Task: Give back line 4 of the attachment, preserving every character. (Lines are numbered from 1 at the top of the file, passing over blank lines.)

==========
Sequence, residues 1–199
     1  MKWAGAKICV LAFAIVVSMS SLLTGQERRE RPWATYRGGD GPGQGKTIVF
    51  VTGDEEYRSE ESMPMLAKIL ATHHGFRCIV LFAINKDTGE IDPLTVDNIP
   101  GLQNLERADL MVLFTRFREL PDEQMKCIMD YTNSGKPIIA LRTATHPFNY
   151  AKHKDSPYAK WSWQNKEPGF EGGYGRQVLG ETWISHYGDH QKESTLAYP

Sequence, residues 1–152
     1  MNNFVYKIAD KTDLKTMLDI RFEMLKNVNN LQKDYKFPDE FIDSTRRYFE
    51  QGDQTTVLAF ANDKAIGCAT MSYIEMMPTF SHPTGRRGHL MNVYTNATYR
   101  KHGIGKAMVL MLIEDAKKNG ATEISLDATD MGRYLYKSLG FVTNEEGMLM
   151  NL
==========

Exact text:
   101  GLQNLERADL MVLFTRFREL PDEQMKCIMD YTNSGKPIIA LRTATHPFNY